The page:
Back then it was believed that some elements in the security establishment were backing the protests to prevent Mr Sharif from taking domestic and foreign policy initiatives independently of the military.

With the Panama leaks hitting the headlines, the government again come under pressure from Mr Khan and smaller groups who demanded his resignation and threatened another lockdown of Islamabad.

They filed petitions at the Supreme Court for the prime minister to be disqualified.

After initially rejecting the petitions on the grounds that they were based more on hearsay than facts, the Supreme Court constituted a five-member bench in October 2016 to start hearings in the case.

Image source, AP
Image caption,
Opposition politician Imran Khan wants Mr Sharif to resign

What did the Supreme Court say and what happens next?

In its ruling the court stopped short of removing Mr Sharif from public office. Instead, it has ordered investigators drawn from civilian investigation agencies and military intelligence services to examine the money trail, look at records where available and obtain testimony from key players.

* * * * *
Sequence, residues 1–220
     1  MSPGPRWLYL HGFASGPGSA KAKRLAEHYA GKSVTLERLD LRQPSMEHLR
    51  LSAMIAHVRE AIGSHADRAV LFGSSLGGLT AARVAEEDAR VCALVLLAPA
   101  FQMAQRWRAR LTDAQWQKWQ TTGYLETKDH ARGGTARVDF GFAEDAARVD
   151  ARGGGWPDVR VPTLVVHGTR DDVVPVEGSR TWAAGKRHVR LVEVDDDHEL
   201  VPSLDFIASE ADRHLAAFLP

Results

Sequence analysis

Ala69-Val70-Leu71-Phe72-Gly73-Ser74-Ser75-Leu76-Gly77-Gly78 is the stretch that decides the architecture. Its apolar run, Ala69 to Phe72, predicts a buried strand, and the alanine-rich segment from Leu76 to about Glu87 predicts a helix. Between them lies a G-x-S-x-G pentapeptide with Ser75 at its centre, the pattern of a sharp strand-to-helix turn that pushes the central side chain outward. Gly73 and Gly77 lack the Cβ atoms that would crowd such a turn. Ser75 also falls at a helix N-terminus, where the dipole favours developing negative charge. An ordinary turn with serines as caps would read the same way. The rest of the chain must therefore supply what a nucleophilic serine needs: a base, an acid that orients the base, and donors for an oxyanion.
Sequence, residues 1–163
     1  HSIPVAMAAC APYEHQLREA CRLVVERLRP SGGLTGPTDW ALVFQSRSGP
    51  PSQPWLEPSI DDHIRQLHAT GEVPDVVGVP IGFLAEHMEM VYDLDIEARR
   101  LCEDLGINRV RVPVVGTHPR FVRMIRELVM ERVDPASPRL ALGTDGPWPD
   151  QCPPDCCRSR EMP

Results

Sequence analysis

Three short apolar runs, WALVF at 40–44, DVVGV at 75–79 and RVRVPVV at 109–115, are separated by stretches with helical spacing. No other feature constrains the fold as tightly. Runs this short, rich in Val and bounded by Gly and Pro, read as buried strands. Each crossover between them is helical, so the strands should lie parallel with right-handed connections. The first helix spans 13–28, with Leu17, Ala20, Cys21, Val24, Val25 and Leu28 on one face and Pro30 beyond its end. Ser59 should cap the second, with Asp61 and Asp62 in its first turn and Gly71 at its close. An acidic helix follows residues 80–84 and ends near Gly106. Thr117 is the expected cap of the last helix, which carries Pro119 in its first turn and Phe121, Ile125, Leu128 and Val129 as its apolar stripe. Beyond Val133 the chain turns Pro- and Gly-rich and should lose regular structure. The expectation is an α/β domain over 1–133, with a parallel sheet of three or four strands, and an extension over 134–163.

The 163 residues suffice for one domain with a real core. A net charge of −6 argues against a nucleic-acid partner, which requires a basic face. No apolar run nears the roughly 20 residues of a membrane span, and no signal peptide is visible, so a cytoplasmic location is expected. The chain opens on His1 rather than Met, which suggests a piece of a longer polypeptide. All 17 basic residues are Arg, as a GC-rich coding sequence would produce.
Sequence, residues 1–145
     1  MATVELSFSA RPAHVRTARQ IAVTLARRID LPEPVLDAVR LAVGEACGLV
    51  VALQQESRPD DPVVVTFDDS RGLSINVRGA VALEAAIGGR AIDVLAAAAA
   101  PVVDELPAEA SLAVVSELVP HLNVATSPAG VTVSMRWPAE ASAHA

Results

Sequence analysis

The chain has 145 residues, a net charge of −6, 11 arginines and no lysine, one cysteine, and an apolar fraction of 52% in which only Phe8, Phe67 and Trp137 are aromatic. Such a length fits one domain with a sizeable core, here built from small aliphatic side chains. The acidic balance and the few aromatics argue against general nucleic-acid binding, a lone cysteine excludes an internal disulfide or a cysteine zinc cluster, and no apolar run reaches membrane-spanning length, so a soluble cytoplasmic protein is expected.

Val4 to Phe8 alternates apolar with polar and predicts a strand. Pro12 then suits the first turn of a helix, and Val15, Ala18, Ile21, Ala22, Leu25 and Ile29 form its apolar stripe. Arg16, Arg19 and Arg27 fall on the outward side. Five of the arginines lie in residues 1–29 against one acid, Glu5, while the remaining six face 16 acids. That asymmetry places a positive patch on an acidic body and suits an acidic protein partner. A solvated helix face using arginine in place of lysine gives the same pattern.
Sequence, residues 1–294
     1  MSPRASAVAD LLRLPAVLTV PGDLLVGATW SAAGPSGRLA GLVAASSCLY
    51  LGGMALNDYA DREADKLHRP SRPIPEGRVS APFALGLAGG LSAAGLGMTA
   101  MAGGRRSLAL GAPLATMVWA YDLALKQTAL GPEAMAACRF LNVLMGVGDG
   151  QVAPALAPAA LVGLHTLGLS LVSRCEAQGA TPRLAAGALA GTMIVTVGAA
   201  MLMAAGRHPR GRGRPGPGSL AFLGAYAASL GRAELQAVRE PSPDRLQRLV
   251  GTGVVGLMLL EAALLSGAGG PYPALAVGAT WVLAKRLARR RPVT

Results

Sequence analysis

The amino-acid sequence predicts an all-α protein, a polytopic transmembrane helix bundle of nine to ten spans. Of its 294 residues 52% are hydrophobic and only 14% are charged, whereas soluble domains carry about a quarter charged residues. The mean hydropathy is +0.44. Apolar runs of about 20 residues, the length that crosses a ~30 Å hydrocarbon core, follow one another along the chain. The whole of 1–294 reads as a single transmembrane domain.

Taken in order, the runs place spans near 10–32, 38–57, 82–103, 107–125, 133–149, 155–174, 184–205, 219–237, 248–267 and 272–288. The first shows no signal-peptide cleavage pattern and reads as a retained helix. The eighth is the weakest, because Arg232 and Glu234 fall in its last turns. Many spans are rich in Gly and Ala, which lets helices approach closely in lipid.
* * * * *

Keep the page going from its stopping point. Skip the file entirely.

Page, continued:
The team - in front of whom the prime minister and his children have been ordered to appear - will submit its report to the court in two months' time.

Critics believe two months is too short for the team to conduct an investigation that takes in Pakistan, the UAE, Qatar and the UK, not to mention Panama. They also point out that two judges out of five, including the chief justice of Pakistan, suggested that the prime minister be disqualified.

Many opposition leaders, including former President Asif Zardari and Imran Khan, have suggested the prime minister should resign as a fair investigation is not possible if he remains in power.

Has the episode weakened Mr Sharif?

Speculation that a ruling in the case could put Mr Sharif in immediate trouble and bring forward elections due in 2018 has eased for now.

But the verdict has not eased the air of acrimony that has marred Pakistani politics since 2014.

The fact that the court has not cleared the prime minister's name and has directed him to appear before investigators will be used by the opposition to chip away at his legitimacy and personal integrity.

Allegations of corruption have chased Mr Sharif since the 1980s. And much of what the Panama Papers have revealed now was the subject of a federal inquiry in the mid-1990s.

Mr Sharif ordered that inquiry closed when he came into power in 1997, calling it "politically motivated". But this time he and his family have had to acknowledge they used offshore companies to acquire foreign assets.

The petitioners, meanwhile, led by Mr Khan, have not fared much better. They will continue to be taunted by the prime minister's camp that they entertained politically motivated charges that they could not prove in court.

As of now, the air of acrimony is likely to continue and even worsen when the investigators begin their work. And all this is happening at a time when the government has lost much of its territory to the military and elections are approaching.